For Friday Vibes, I aimed to capture that feeling of freedom most of us tend to feel on Fridays. I looked at the people around me and noticed a trend. Monday to Thursday are usually the days we spend on our grind, going to work/school, and just driven by the expectations of others. We are essentially doing things we need to, instead of what we want to. When Friday comes, there’s this rush of excitement because we are planning to do what we want for the duration of the weekend. With that in mind, I compiled songs from the album that best captured that vibe. Friday Vibes is more upbeat than its predecessor, Thursday Feels, but still allows my fans to escape into their feelings a bit.
Q: What can we expect to see from you coming up?
I have the 3rd installment of WEAKDAYS coming on August 21st, which is titled Saturday Waves. This will be the last EP for this album, but it will be a fun ending to the WEAKDAYS era. It is very uptempo and is what you can expect from a beautiful Saturday morning/afternoon. That will be the focus of this release, and I have to end it off right!
Q: You’re releasing your new EP in the middle of a pandemic. Has COVID-19 affected your release? How has COVID-19 affected you as an artist?
It was rather challenging to say the least. There were alot of things I wanted to do to coincide with each release, including visuals that told the story of each song and a couple of live shows. However, when quarantine became a thing, it forced me to look at different avenues of releasing my music. I connected with visual artists who made me think about using animation for some ideas, as well as utilizing IG and YouTube to still maintain a presence. The lesson I take away from COVID is to always be a couple of steps ahead of yourself, such as having material ready to release in case of a global pandemic. I’m proud to say that I was prepared but I could go even further.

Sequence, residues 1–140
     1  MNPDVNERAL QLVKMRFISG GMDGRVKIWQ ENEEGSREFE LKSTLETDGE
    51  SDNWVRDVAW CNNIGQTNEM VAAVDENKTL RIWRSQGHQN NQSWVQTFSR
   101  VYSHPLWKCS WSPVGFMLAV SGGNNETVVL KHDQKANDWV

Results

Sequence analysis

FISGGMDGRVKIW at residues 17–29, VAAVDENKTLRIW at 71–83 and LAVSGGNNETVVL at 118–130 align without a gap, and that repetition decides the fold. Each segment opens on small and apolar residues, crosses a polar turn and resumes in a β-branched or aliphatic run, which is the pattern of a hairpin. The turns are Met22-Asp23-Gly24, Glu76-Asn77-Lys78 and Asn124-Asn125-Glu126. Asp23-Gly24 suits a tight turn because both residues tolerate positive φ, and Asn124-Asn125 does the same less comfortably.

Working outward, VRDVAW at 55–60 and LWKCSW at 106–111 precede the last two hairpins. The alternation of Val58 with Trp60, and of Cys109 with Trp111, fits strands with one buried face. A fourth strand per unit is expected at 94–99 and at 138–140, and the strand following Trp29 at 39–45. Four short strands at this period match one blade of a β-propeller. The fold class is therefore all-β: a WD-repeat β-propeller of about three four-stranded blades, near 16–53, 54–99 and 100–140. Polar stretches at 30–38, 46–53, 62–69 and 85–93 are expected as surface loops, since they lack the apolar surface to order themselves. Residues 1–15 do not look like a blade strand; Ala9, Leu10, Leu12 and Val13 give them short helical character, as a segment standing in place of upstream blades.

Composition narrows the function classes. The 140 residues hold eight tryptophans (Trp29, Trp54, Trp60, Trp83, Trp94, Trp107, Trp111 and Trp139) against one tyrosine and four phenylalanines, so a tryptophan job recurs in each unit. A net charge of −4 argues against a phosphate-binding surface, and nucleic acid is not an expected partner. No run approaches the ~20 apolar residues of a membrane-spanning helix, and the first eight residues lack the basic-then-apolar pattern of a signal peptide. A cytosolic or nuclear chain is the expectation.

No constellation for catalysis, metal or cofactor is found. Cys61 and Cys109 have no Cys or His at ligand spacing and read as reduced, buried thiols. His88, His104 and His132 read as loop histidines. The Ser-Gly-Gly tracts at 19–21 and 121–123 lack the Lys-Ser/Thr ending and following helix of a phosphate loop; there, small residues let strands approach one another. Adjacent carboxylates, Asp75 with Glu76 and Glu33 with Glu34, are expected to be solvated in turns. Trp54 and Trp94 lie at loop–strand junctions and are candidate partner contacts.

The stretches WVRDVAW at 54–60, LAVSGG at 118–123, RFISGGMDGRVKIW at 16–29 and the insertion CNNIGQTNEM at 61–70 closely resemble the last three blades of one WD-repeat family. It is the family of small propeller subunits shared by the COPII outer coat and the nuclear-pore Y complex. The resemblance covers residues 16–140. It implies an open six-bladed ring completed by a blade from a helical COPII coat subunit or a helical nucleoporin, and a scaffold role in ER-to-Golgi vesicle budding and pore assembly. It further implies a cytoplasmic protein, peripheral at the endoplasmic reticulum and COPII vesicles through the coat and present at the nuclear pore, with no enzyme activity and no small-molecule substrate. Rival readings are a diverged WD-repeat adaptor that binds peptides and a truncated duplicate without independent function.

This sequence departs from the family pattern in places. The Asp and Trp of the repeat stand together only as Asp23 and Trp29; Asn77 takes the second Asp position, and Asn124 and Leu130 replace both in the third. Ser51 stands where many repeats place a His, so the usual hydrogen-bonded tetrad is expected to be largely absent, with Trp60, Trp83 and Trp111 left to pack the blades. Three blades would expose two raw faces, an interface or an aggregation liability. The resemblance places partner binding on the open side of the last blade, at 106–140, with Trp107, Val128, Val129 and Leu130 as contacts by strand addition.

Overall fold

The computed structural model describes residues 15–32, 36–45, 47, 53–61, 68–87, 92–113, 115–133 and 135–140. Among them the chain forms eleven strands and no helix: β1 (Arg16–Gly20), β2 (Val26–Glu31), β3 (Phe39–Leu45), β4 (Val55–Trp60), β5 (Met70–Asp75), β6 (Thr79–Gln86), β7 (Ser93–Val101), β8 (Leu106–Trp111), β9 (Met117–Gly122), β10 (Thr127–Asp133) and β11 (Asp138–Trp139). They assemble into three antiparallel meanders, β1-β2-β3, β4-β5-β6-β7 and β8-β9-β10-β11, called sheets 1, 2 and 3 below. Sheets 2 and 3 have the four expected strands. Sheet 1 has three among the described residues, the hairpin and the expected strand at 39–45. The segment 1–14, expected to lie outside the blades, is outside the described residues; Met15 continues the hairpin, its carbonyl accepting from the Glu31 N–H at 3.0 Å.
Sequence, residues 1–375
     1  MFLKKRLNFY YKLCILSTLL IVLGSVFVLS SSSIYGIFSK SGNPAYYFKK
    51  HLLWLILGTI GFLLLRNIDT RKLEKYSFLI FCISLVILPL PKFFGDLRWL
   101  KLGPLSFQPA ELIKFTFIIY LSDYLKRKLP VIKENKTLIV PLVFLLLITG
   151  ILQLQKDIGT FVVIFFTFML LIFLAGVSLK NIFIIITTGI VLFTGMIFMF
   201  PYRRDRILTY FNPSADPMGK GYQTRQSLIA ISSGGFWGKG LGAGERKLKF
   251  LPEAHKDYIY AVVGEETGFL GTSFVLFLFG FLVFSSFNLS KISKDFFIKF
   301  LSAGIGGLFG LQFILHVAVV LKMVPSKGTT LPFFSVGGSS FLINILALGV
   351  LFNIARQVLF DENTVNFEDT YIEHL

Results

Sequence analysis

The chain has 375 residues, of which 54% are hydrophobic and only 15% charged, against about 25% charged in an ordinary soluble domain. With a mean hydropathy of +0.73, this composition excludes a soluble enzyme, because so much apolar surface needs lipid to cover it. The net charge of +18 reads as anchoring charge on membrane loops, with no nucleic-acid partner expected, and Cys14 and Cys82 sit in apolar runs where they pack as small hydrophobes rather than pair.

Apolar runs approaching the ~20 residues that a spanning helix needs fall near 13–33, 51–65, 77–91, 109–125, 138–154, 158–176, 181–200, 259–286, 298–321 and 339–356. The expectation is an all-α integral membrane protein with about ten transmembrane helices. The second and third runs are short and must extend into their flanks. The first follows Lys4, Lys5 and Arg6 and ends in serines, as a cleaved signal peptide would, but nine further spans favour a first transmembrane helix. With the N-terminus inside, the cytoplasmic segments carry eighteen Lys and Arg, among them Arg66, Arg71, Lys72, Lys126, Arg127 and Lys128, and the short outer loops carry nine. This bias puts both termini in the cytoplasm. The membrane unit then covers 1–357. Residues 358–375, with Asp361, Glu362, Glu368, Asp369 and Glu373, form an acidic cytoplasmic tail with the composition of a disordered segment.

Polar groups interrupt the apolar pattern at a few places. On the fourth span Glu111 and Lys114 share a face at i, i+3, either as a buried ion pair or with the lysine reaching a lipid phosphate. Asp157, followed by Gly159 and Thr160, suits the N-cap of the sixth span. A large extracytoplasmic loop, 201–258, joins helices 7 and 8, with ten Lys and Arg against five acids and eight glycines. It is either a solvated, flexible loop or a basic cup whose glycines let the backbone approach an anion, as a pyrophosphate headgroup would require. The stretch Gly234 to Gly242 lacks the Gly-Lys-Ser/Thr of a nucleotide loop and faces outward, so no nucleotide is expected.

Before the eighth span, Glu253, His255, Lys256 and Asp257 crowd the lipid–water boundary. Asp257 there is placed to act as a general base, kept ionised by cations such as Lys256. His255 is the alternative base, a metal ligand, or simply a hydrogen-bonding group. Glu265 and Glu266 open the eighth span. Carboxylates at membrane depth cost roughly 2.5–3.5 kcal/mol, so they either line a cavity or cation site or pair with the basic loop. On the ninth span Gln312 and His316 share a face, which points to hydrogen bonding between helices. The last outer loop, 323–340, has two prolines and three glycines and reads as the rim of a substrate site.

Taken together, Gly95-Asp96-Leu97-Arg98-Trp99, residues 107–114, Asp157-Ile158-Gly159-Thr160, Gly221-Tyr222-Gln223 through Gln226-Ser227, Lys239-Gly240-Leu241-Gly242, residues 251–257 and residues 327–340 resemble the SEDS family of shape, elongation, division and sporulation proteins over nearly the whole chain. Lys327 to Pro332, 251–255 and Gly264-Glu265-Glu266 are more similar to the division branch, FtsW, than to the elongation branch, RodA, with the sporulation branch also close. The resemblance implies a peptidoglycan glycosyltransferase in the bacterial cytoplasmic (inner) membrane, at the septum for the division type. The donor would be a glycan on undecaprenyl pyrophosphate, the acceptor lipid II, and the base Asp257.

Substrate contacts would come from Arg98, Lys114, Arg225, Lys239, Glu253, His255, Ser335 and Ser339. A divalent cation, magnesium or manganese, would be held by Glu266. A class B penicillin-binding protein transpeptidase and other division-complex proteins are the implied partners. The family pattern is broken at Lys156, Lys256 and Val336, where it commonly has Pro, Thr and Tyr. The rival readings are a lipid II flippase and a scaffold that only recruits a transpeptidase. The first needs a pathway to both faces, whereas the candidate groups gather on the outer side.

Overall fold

Q: What do you think the music scene in Toronto will look like in the aftermath of COVID-19?
There definitely will be a plethora of music coming out from most artists. Although it will take a while before things really boom again, you can guarantee that artists will take advantage of technology and do more online initiatives such as shows and interviews. COVID has shown us that we can reach way more people at one time. The only thing that may be tricky is supplementing income from live shows/tours, which hit a lot of artists hard this summer. Nonetheless, it will be exciting to watch a new industry emerge from this pandemic.